Asked by Anonymous
Asked on 07 May 2019
Using robo-investors to invest doesn't mean that I will be earning all the time. In situations when I'm earning and when I'm losing, how do I know when is the right time to readjust my portfolio?
We think that it's very difficult to forecast the market or outguess other market participants, and it's time in the markets rather than timing the markets that will lead to long-term wealth accumulation.
Over time, markets display efficient characteristics and investors are rewarded commensurately for the risks that they take. This is why we believe in taking an evidence-based approach, where we analyze empirical data and time-tested academic evidence, and apply it in a systematic manner rather than trying to speculate or outguess other market participants. The aim of evidence-based investing is to give you the highest probability of success in growing your wealth over the long-term.
We wrote an article on market timing at Endowus Insights that you will hopefully find interesting!
Top Contributor (Aug)
Don’t try to time the market when it comes to your investment. Stick to your investment horizon and portfolio strategy, review it regularly.
Make sure your portfolio is always in your risk profile range and stay invested.
If you had went in the market at one of the highest point before a crash but stay invested for a good 20 years (with proper portfolio management) chances are you will still end up being in the green.
Echoing what the panelists shared yesterday...
Hope these help!
While it might seem tempting to pick your entry and exit points, especially when markets are volatile, research has shown that market timing can be detrimental to your long term investment performance.
As summarised by this article, almost all big stock market gains and drops are concentrated in just a few trading days each year. Missing only a few days can have a dramatic impact on returns.
For example, between 1994 and 2013, just missing the 20 best days of the S&P500 would have eroded 67% of your returns. As the best days and worst days of the market are equally concentrated, timing the market can be a perilous proposition, and may be detrimental to your long term returns.
Another academic study examined the probability that market timing can benefit investors' returns. Examining the Dow from 1900–2006 shows that "a few outliers have a massive impact on long-term performance. Missing the best 10 days resulted in portfolios 65% less valuable than a passive investment and avoiding the worst 10 days resulted in portfolios 206% more valuable than a passive investment. Given that 10 days represent 0.03% of the days in the sample, the odds against successful market timing are staggering."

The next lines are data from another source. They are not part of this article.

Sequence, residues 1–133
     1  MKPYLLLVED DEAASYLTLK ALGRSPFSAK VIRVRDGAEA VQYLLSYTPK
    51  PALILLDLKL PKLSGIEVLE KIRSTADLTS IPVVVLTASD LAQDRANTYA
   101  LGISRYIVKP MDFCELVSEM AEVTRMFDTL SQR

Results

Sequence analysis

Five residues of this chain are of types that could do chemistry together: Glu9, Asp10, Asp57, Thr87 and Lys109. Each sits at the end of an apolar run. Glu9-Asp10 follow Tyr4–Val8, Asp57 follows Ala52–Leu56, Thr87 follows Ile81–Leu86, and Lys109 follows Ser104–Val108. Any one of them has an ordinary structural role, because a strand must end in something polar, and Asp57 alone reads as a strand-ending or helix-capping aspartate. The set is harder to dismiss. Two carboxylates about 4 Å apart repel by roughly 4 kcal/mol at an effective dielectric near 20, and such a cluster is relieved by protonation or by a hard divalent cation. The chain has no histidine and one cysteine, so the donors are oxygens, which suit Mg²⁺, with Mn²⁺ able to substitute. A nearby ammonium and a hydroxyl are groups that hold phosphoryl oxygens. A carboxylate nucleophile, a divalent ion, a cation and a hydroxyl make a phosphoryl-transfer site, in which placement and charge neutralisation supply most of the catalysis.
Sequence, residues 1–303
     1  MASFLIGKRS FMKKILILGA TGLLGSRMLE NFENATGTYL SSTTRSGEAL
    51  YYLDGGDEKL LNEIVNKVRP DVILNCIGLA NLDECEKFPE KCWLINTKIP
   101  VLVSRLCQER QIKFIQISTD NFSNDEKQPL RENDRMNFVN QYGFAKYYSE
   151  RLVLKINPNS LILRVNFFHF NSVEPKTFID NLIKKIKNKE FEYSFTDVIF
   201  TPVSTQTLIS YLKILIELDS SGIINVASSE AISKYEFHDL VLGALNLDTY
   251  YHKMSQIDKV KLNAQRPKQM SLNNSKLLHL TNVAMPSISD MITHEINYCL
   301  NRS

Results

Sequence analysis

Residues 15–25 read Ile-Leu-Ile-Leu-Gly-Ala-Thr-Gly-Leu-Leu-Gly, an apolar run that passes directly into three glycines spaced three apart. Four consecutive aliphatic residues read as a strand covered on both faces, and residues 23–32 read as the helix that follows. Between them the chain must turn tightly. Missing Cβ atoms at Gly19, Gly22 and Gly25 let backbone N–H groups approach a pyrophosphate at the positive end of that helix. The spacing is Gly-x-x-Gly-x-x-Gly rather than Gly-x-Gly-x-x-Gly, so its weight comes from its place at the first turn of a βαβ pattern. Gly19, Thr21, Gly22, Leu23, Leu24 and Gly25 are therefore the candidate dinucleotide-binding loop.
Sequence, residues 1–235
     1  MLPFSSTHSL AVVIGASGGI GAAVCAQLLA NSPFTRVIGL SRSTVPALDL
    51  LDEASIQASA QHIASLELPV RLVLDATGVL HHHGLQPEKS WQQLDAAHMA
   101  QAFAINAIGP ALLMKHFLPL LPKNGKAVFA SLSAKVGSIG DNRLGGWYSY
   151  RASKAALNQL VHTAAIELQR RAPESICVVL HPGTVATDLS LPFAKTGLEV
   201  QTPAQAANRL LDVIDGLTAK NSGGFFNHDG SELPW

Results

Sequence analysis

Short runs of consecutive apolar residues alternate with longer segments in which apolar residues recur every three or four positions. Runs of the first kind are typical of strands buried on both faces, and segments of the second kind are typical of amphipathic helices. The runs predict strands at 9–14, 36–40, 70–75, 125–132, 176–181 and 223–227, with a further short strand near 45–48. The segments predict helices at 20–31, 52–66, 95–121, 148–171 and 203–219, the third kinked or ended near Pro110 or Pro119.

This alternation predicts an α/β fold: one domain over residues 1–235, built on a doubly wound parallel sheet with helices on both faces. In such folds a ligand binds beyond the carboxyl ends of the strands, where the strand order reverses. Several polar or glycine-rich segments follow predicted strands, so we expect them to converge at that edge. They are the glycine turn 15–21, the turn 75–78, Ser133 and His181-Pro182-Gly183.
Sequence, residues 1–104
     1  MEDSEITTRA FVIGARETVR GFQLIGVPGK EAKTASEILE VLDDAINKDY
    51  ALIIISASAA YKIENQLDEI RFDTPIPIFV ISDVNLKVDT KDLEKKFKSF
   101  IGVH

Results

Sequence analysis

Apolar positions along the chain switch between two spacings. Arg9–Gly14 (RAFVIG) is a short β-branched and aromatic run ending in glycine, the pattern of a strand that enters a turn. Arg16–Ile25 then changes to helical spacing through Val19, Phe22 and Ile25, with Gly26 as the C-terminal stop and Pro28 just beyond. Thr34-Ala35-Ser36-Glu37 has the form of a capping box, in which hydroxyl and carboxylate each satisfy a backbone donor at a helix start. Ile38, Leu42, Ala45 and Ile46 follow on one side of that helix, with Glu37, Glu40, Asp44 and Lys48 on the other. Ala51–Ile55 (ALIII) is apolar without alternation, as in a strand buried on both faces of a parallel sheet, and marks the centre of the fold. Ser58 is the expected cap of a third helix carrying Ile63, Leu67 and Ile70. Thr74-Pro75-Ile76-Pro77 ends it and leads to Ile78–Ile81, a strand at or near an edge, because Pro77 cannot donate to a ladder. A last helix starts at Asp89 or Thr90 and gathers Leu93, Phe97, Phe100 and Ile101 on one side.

A few more recent example can be seen here.
At StashAway, you don't have to worry about where markets are heading because we manage your portfolios for you.
ERAA and Re-optimisation Instead of timing the market, StashAway’s Investment Framework, Economic Regime Asset Allocation (ERAA), automatically re-optimises your portfolio, reallocating assets when there are substantial changes in the economy, or when asset prices deviate substantially from their economic fair value.
By investing in assets which are undervalued and more likely to outperform in current economic conditions, we provide your portfolio with exposure to strong upsides. In addition, by reducing allocations into assets which are unsuitable for a particular economic regime, or are overvalued, StashAway’s portfolios can manage your portfolio risk actively, protecting your portfolio.
If our investment team sees a fundamental change in economic conditions, we will re-optimize your portfolios for you. What these means is that, for example, if the economy were to go from “good times” to a “recession”, we will recommend a re-optimization that will reduce equity exposure and concentrate it in protective sectors (e.g., consumer staples), and increase allocations to asset classes such as government bonds, particularly for long maturity dates and gold. Our investment framework (ERAA) is risk-centric: the goal is to maintain your risk exposure constant across market and economic cycles while optimizing returns.
Hope this helps! :)